House Bill 4090

Sponsor: Rep. Chris Kolb

Committee: Energy and Technology

Complete to 2-10-03


House Bill 4090 would amend Public Act 3 of 1939, which established the Public Service Commission (PSC) to regulate the state's utilities, to require the PSC to establish a statewide "net metering" program applying to all electric utilities and alternative electric suppliers in the state. (Net metering allows a customer with an electric generator to interconnect with electricity distribution facilities, to feed surplus power back into the grid during periods where the customer's production exceeds consumption, and to pay the electric supplier only for the net amount of electricity used over the billing period.) The PSC would have to establish the program by July 1, 2003. The program would have to be designed for a period of at least ten years and would have to limit each customer to generation capacity designed to meet only the customer's electric needs. Except as otherwise provided in the bill, customers of any class would be eligible to interconnect eligible electric generators with the customer's local electric utility and operate the generators in parallel with the distribution system. "Eligible electric generator" would be defined as a system for the generation of electricity not exceeding 100 kw that is fueled by a renewable fuel or a fuel cell, with a generation capacity limited to the customer's electric need. A detailed summary of the bill's provisions is provided below. (House Bill 4090 is identical to House Bill 4015.)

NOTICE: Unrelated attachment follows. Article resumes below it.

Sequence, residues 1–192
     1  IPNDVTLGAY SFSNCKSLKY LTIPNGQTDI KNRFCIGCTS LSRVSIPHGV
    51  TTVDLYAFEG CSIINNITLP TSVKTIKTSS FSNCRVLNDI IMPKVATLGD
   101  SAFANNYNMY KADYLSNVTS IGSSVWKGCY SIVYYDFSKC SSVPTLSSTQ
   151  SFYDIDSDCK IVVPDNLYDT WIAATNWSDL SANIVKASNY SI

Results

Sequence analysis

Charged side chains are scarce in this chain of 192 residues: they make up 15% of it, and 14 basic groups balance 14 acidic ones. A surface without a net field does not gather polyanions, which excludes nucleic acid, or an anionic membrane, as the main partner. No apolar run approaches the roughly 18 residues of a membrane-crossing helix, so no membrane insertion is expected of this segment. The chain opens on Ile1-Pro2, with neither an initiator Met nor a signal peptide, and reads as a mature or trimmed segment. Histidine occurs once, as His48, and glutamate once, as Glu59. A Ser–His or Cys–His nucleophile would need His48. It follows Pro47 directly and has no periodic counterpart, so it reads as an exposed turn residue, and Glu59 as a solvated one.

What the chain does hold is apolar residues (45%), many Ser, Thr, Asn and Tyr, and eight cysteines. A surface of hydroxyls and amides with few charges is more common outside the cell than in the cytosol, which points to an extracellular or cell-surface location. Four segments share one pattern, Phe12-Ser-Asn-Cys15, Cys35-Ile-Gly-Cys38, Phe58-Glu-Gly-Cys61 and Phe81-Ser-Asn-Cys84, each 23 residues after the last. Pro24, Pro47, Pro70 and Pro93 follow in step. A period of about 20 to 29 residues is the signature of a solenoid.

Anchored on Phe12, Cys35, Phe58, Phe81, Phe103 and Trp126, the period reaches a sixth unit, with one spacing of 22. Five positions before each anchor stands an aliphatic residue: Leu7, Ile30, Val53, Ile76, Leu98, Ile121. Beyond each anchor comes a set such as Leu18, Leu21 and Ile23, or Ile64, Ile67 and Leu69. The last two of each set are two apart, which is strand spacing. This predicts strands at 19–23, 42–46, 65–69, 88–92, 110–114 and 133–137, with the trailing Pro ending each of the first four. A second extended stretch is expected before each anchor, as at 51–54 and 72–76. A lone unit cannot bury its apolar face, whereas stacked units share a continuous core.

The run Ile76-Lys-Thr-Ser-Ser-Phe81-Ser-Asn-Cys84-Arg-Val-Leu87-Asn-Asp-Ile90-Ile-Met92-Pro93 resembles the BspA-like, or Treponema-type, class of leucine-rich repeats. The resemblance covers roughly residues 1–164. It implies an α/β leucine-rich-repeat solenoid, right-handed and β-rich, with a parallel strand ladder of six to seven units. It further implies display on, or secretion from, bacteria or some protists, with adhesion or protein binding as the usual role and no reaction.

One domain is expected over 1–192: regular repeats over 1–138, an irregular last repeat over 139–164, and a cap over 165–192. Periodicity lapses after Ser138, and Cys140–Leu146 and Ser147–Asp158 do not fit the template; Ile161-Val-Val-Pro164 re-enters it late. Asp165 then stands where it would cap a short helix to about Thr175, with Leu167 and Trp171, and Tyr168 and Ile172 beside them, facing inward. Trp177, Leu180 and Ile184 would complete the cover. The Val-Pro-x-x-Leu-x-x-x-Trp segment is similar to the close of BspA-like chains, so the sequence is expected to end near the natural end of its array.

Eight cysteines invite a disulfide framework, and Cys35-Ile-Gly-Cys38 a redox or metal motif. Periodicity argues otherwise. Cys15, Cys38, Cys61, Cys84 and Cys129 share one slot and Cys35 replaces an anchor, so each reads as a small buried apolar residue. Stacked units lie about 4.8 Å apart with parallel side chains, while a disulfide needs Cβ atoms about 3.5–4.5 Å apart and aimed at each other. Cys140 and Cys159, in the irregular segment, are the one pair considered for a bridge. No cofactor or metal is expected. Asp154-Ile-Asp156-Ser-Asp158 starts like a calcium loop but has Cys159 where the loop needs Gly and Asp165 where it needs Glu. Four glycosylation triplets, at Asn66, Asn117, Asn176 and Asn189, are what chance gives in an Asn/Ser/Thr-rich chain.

Limit to program. An electric utility or alternative electric supplier ("utility" or "supplier" below) would not be required to allow for net metering that was greater than one-half of one percent of its in-state peak load for the preceding calendar year. The utility or supplier would be responsible for notifying the PSC if the program exceeded this limit.

Selection of customers. Selection of customers for participation in the program would be based on the order in which applications for participation were received by the utility or supplier. A utility or supplier could not refuse to provide or discontinue electric service to a customer solely because the customer participated in the program.